Great post! We’ve used this technique for years…works every time! My Sweet Husband and I actually used “vision” to establish our concept of family and as a parenting tool. So many “how to” strategies are floating around regarding how “family” is created and “how to” raise children, but without a  clear “vision” one could easily become a flip-flopper trying one and then another, leading to confusion and chaos.

    Proverbs 29:18 Where there is no vision, the people perish…..

    I know this verse is subject to many interpretations…but it speaks to me about the need for clarity.

    Thanks again for an engaging blog!

    • http://www.heartyourchurch.com/ Jason Stambaugh

      Thank you for sharing Kathryn. As I read the post today, I started thinking about all of the areas of my life where I didn’t have a clear vision. Family was one of them. Mind sharing what your “vision” is for your family? It would certainly benefit me.

  • Anonymous

    My vision is to help people get a job.  The vehicle to help people is my website and public speaking.  Even if one important concept is revealed to assist someone in acquiring a job, I would be thrilled.  
    In my experience the job search process is changing constantly via social media and the ever changing economy.  Many individuals are behind in changing with the times.
    That is my vision.  Anyone with guidance, advice or capital, please feel free to contact me to help me achieve my vision.  http://www.JobCoachHQ.com

  • http://www.themlmattorney.com/about Kevin Thompson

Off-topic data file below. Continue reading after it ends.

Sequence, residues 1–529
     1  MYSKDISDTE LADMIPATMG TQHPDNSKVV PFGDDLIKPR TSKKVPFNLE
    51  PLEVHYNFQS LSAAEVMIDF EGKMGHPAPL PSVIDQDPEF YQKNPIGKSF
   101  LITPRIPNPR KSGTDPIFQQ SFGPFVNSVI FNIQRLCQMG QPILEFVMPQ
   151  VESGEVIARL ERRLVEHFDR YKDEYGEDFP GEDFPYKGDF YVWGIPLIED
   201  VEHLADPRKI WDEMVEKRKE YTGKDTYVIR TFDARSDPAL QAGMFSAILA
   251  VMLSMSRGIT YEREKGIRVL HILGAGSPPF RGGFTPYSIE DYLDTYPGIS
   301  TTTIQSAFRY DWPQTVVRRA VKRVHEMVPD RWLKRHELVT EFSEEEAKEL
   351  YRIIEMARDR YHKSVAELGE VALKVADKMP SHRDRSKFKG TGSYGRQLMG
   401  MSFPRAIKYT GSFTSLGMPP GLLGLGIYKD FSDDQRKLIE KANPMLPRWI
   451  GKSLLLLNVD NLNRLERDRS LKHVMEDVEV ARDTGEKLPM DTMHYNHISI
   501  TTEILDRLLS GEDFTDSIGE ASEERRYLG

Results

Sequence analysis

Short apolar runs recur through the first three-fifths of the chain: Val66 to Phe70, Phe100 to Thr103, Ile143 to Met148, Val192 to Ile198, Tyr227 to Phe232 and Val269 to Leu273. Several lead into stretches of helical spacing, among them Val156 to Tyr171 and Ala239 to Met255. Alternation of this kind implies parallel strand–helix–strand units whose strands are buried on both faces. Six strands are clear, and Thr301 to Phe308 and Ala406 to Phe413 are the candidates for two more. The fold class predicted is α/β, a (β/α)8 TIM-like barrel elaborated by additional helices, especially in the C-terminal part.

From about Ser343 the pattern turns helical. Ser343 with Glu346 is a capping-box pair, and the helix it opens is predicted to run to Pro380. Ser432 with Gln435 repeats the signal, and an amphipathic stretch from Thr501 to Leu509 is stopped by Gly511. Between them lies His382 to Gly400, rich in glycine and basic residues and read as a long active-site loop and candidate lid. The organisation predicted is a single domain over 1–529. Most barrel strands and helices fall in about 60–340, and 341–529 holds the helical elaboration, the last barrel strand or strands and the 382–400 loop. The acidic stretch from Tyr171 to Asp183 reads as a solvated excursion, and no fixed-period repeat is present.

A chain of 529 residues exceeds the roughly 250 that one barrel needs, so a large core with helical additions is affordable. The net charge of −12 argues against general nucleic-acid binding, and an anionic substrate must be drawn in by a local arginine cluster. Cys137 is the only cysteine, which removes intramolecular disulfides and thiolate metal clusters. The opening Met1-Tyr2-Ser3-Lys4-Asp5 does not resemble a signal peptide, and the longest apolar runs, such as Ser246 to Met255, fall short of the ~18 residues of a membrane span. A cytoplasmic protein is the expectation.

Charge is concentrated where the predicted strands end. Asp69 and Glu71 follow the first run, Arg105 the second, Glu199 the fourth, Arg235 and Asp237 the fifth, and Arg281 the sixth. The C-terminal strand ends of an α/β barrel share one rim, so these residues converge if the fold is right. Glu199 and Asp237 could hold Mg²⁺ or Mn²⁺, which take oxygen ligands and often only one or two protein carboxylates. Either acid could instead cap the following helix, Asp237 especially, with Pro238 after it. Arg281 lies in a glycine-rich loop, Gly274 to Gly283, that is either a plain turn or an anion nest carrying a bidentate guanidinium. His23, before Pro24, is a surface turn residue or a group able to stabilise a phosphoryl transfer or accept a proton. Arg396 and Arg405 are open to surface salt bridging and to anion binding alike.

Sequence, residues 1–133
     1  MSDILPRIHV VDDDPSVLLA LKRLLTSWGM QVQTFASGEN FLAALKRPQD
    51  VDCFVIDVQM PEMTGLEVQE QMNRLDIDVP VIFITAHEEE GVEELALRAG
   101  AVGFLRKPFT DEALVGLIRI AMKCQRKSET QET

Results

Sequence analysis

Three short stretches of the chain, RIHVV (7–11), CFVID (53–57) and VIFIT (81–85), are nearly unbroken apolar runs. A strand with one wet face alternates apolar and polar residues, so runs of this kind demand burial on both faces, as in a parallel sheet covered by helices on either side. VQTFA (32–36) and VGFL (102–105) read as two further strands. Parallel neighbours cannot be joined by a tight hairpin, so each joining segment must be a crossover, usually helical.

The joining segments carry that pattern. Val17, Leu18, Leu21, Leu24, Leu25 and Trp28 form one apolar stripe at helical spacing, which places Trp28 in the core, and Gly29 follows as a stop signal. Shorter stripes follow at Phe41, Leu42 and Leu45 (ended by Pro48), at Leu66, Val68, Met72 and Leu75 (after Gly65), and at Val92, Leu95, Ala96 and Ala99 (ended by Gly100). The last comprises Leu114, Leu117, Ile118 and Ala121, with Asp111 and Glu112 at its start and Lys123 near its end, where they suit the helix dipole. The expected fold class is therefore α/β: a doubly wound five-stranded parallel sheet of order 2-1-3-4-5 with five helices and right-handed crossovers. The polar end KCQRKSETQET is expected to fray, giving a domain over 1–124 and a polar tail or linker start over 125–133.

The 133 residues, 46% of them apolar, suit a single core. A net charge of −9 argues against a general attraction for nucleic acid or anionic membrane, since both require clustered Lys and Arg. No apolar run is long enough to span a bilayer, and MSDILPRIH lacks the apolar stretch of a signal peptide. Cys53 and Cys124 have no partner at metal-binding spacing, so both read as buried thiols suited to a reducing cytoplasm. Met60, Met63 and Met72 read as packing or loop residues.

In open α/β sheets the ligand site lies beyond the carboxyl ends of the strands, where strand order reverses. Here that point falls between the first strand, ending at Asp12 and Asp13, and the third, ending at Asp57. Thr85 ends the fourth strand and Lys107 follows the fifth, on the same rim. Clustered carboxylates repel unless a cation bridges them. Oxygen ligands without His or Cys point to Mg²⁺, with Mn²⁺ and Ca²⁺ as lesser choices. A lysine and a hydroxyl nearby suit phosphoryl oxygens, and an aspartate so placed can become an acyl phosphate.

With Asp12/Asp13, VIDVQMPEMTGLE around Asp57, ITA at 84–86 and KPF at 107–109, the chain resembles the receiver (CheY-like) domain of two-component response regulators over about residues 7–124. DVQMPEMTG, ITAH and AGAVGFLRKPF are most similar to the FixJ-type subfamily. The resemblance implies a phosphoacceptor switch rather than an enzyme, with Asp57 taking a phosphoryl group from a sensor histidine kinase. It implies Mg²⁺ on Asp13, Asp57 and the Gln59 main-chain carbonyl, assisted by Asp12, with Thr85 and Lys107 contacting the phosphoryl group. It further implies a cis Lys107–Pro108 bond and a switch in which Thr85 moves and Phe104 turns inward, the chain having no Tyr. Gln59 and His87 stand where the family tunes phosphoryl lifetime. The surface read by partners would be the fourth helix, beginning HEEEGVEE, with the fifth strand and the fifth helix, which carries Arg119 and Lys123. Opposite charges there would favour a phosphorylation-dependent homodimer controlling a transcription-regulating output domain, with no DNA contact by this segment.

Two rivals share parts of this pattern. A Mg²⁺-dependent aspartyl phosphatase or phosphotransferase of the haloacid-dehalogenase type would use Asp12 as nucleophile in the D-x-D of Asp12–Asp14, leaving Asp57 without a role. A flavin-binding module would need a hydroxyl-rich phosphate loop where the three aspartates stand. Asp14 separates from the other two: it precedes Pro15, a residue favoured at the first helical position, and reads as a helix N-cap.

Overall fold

This is fantastic, Mike.  The “Why” is always more important than the “How.”  

  • http://www.facebook.com/people/Lisa-Fedders-Brouwer/100000210427442 Lisa Fedders Brouwer

    I like that you referenced John Eldredge’s book Desire.  As I read it,  I feel empowered as John encourages the reader to not bury desire but dive into it and “live the life we prize”.  So often we neglect our desires and are just comfortable with what is going on around us.  Desire transforms the heart and a compelling vision is the result.

    I, too, have a vision for my life thanks to my coach at Building Champions.  It is the penning of the strategy that has been the hardest part for me.  But I know that working through the process will be rewarding.  Having a vision with no plan is frustrating!

  • http://www.lincolnparks.com Lincoln Parks

    This is just what I needed to Start 2012 the right way, a solid vision. I was going about it backward and asking how. Thanks it was right on time.

  • http://twitter.com/OpHugAHero Operation Hug-A-Hero

    Your post today couldn’t have come at a better time.  Thank you for the tools on how to start this process.  We have a vision at Operation Hug-A-Hero, but I do believe we need to refresh, revive and refocus.  There is no better way than to first turn it over to Him and hear what He envisions through us.  Thank you so much. 

    • http://brandonweldy.wordpress.com Brandon Weldy